Mentioning reports in the news media that [British convert and bomb-plot suspect Abdul] Waheed was a heavy drinker and drug user before turning to Islam, Ms. Franks added: “I think there’s a tendency for some people, when they stop using some kind of addictive substance, to be left with a big hole in their lives. To do something extreme is the easiest way to go, because it fills that big hole.”

People with holes in their lives that are that big will always find ways to fill them. But the larger problem seems to be that in the otherwise normal development of identity, some British youths are seeing an association with Islam as an extension of adolescent rebellion by other means:

... Among young people in Britain, a common theme seems to be adolescent anomie, a longing for answers in a world full of intractable questions. “It’s not a physical thing — it’s a passionate approach,” said Khalad Walaad, a spokesman for the Bradford Islamic Center, in the north of England. “When someone is looking for something, it’s us who can lead him as a human being.”

Then there’s the political factor: Some people are so opposed to the Iraq war, the war on terror or both that they convert this opposition into identity with Muslims:

Before Sept. 11, converts tended to discuss spiritualism and personal choice, [conversion researcher Myfanwy Franks] said, “but now they’re not talking like that.” She added: “I think there’s this polarization now. It’s like the middle ground has disappeared.” Where women once tended to wear head scarves — even in her hometown of Bradford, in West Yorkshire — she says that she sees many more in garments that cover their entire bodies, including their eyes. “It’s a political statement,” she said.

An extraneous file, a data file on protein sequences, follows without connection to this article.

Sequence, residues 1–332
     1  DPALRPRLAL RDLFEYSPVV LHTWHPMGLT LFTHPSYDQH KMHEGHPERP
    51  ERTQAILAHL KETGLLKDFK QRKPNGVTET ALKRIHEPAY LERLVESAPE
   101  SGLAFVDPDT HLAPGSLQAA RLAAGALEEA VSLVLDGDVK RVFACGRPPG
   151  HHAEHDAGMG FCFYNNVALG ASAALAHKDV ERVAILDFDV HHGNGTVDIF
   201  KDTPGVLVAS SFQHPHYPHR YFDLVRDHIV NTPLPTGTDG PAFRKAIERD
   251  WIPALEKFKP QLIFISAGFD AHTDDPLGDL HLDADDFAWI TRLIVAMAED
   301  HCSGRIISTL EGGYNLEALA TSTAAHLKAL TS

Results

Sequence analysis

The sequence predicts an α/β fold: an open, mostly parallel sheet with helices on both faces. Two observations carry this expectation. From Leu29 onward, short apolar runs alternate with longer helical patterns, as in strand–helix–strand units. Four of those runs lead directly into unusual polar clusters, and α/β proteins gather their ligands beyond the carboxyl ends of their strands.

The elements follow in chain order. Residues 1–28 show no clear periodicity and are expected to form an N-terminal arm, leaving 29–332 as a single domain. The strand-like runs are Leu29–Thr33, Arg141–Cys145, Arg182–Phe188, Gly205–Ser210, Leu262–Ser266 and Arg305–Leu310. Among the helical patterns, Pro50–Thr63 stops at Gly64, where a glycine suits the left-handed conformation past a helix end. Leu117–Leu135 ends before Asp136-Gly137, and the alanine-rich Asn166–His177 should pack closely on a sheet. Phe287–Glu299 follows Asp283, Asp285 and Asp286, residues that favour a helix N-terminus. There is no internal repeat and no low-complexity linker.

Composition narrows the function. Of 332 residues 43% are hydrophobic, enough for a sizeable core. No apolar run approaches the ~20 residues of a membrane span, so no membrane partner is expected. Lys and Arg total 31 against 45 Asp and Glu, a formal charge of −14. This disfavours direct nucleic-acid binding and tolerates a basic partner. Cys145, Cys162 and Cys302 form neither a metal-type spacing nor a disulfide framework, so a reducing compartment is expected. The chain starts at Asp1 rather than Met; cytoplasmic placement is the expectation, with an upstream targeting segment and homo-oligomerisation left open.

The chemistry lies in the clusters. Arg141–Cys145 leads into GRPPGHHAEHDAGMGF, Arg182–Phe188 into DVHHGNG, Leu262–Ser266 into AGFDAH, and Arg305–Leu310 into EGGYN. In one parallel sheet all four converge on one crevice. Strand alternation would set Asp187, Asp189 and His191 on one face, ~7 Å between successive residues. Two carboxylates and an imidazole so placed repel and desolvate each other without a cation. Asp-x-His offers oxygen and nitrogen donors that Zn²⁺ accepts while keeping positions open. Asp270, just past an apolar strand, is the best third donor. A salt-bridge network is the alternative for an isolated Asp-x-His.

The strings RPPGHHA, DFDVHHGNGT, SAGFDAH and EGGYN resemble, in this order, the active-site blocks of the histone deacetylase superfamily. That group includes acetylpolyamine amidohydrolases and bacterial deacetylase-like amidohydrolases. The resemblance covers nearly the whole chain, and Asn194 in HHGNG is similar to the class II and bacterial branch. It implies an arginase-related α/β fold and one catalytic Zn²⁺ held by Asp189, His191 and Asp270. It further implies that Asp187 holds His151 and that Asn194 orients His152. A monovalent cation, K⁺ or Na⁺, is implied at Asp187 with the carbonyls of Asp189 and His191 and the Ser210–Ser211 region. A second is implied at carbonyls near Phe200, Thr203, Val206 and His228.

Sarah Lyall is nice enough to wrap these two factors together into a new equation:

Identity Quest + Political Motivation = Blue-Eyed Bombers

For young white men in economically blighted sections of the north, where jobs are scarce and disaffection is high, [Myfanwy Franks] said, Islam speaks to their masculinity, offering a place of refuge and a solid political base from which to reject their heritage. “The greater Muslim community is transnational and supranational,” she said. “It gives them an identify and a togetherness which is inevitably going to be against the West, because of their identity with other Muslims.”

There is literally no way to keep people from being sympathetic with Osama bin Laden, George Bush, a Palestinian refugee or Britney Spears if that’s what appeals to them. But blue-eyed Muslims have no reliable, central authority to turn to that can define the duties, rights, responsibilities and limits of being a Muslim. If they did, it might make the task of keeping converts—traditionally thought of as zealous in the first place—from making mistakes that engulf those around them.


Hairy Carrot said...

How come protestant extremists don't spawn protestant terrorists? Do militias and white supremacists fall into this category? Every Klansman will swear he's a good Christian.

Paul D. Kretkowski said...

The Klan has always been a Protestant group, and what they swear isn't germane to what they are. Several Protestant terror groups operated in northern Ireland for decades, although this is generally seen as a reaction to IRA violence rather than as arising from a vacuum.

I suspect that Protestants are relatively prosperous and tend to inhabit countries with relatively high opportunity and social mobility (the U.S., for example), and don't have such a strong need to right perceived wrongs.

Site Meter